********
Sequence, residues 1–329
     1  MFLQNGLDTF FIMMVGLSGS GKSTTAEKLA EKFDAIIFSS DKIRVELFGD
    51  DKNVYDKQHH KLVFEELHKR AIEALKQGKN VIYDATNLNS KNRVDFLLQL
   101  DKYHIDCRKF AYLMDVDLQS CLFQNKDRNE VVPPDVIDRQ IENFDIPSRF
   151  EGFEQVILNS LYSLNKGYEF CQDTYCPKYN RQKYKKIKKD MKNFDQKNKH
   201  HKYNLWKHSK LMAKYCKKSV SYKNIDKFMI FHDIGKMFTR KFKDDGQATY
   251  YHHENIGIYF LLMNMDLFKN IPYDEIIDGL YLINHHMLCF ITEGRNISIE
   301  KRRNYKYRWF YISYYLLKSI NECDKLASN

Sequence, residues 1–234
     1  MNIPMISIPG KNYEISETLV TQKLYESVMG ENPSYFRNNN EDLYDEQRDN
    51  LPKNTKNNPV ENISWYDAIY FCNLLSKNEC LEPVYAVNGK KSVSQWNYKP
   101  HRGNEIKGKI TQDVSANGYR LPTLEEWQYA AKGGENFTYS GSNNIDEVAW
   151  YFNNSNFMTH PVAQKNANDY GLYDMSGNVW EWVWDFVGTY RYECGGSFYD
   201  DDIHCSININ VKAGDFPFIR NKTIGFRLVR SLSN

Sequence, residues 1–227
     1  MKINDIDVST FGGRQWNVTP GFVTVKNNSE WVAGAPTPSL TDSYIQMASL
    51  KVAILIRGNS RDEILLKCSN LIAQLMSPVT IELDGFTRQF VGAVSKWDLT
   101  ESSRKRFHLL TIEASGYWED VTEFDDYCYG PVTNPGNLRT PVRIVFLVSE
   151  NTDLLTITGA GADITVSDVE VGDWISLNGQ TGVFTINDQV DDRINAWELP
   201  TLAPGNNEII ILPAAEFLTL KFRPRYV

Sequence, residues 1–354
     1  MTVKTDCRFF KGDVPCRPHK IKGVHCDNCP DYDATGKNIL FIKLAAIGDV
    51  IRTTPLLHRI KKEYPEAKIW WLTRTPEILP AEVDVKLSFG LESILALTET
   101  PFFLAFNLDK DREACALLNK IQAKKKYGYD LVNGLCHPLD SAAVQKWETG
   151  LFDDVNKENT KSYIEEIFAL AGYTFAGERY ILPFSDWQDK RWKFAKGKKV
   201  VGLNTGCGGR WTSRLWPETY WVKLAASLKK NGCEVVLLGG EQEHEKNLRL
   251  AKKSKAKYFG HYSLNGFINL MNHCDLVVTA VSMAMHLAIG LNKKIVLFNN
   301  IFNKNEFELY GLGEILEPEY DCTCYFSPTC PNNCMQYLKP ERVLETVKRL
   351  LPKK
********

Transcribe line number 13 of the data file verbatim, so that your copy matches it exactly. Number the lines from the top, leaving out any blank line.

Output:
   151  YFNNSNFMTH PVAQKNANDY GLYDMSGNVW EWVWDFVGTY RYECGGSFYD